Wednesday, May 29, 2013
Saturday, December 01, 2012
Thursday, November 08, 2012
• • New and Hot Video: Joss Whedon Warns of Romney Zombie Apocalypse
Once the zombies come, Whedon says, our society will redefine the concept of who is rich. "Money is only so much paper to the undead," the Buffy the Vampire Slayer creator says. "The one percent will no longer be the very rich, it will be the very fast. Anyone who can run, fight, make explosives out of household objects or especially do parkour of any kind, you'll want to stick with them. Unless they read Ayn Rand."
Saturday, November 03, 2012
• • Obama and the Road Ahead: The Rolling Stone Interview
Paul Ryan |
[Q:] Have you ever read Ayn Rand?
[Q:] What do you think Paul Ryan's obsession with her work would mean if he were vice president?
[A:] Well, you’d have to ask Paul Ryan what that means to him. Ayn Rand is one of those things that a lot of us, when we were 17 or 18 and feeling misunderstood, we’d pick up. Then, as we get older, we realize that a world in which we’re only thinking about ourselves and not thinking about anybody else, in which we’re considering the entire project of developing ourselves as more important than our relationships to other people and making sure that everybody else has opportunity – that that’s a pretty narrow vision. It’s not one that, I think, describes what’s best in America. Unfortunately, it does seem as if sometimes that vision of a “you’re on your own” society has consumed a big chunk of the Republican Party.
Of course, that’s not the Republican tradition. I made this point in the first debate. You look at Abraham Lincoln: He very much believed in self-sufficiency and self-reliance. He embodied it – that you work hard and you make it, that your efforts should take you as far as your dreams can take you. But he also understood that there’s some things we do better together. That we make investments in our infrastructure and railroads and canals and land-grant colleges and the National Academy of Sciences, because that provides us all with an opportunity to fulfill our potential, and we’ll all be better off as a consequence. He also had a sense of deep, profound empathy, a sense of the intrinsic worth of every individual, which led him to his opposition to slavery and ultimately to signing the Emancipation Proclamation. That view of life – as one in which we’re all connected, as opposed to all isolated and looking out only for ourselves – that’s a view that has made America great and allowed us to stitch together a sense of national identity out of all these different immigrant groups who have come here in waves throughout our history.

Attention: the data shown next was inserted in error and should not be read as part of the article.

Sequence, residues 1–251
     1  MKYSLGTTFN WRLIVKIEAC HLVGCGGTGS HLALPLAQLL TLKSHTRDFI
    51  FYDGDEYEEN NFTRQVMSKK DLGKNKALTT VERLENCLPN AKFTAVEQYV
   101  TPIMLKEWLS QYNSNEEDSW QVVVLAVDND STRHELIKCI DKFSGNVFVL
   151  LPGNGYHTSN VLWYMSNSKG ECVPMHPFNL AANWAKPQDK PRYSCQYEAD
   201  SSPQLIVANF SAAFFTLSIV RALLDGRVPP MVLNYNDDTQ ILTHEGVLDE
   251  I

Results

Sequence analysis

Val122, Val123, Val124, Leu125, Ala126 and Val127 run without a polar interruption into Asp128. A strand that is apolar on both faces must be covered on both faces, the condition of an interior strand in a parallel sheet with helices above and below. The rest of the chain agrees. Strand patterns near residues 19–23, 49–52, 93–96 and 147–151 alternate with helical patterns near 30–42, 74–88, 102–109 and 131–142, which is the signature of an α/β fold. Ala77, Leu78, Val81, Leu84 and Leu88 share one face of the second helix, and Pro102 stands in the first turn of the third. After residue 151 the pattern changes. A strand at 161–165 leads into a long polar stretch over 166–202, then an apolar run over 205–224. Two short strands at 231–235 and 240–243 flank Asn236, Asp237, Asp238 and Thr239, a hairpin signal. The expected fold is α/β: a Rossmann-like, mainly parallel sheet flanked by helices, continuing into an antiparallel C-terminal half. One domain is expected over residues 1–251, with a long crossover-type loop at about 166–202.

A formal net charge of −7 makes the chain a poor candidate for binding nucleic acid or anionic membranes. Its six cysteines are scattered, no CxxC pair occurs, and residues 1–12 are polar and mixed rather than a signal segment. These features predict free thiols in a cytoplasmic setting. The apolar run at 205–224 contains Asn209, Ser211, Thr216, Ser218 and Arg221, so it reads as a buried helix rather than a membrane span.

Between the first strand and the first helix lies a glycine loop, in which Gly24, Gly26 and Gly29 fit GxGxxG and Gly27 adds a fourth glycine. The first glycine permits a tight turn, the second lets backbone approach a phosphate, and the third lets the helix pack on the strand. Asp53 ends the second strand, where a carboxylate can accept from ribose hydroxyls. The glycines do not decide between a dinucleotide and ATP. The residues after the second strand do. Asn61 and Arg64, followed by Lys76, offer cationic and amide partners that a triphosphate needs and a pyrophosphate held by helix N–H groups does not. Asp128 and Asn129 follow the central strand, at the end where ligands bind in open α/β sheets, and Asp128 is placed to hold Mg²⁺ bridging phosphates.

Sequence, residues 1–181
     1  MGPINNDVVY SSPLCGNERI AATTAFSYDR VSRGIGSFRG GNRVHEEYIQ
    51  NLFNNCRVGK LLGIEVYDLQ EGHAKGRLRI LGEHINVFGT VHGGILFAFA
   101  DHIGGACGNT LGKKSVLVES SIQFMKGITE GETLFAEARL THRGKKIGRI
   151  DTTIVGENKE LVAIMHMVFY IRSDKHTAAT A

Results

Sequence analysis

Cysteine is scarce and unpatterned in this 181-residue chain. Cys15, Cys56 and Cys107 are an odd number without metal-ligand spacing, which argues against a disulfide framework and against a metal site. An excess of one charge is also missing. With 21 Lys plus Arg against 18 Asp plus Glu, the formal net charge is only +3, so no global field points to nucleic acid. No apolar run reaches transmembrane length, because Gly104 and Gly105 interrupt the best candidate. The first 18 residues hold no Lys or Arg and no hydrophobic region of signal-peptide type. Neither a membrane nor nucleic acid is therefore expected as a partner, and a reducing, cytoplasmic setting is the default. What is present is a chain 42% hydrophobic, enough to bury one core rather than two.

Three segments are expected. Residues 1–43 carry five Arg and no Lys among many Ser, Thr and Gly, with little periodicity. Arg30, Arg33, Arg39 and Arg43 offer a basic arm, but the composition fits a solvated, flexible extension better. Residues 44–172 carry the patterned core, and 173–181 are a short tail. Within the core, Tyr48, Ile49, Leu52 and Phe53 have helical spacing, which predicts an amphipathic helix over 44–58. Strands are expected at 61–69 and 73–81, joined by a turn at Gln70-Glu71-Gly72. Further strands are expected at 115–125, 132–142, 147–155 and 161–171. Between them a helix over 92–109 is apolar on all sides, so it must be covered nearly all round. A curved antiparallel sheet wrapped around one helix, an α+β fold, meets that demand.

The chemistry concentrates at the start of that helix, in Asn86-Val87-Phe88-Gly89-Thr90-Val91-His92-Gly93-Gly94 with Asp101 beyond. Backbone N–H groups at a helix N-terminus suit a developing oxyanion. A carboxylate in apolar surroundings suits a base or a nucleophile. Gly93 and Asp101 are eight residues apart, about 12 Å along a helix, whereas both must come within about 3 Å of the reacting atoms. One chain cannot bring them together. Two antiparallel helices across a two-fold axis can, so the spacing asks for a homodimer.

Monday, July 23, 2012
• • QA: Neil Peart On Rush's New LP and Being a 'Bleeding Heart Libertarian'
[Q:] This is somewhat random, but you were interested in the writings of Ayn Rand decades ago. Do her words still speak to you? [A:] Oh, no. That was 40 years ago. But it was important to me at the time in a transition of finding myself and having faith that what I believed was worthwhile.
Sunday, April 29, 2012
• The Koch Brothers – Exposed!
[Koch Brothers Exposed] recounts how the brothers have: [....] pumped millions of dollars into more than 150 colleges and university in exchange for control over hiring and curriculum decisions, to ensure students will be exposed to the free-market fundamentalism of Ayn Rand, Freidrich von Hayek and like minds.
Wednesday, April 25, 2012
Wednesday, February 22, 2012
Sunday, April 17, 2011
Tuesday, January 11, 2011
• • Mailbag: Foreclosure fixes, taxing the rich and Obama as a Randian
[Will Genge:] It almost seems now as if Obama is your cookie-cutter Randian, a more striking example than even Greenspan, whose campaign lies and subsequent administrational decisions portray him as almost a Machiavellian Randian, whose sole purpose was to rise to the global elite, message some shoulders, and cement his position. His golf, vacations, aloofness, obfuscations, and blatant pandering fit the mold nicely (and disappointingly). Did he simply fool everyone?
Saturday, September 11, 2010
• On ESPN and “replaceable” people
Almost everyone who has a job is economically “replaceable,” but [...] outside an Ayn Rand novel, there’s more to it than that. Does it make economic sense to fire the auto worker who mangles his hand in the factory machinery and bring in a younger guy with all his fingers?
Monday, April 27, 2009
Tuesday, August 19, 2008
• Cold new world
The Fountainhead |
On rock band Cold War Kids.
[Band member Nathan] Willett says his biggest inspirations came from the philosophies of two radically different thinkers: The Fountainhead author Ayn Rand and her theories of individualism, and California-born idealist Josiah Royce, who taught at Harvard and Berkeley in the late 19th century. The latter expounded on the necessity for humans to remain loyal to one another.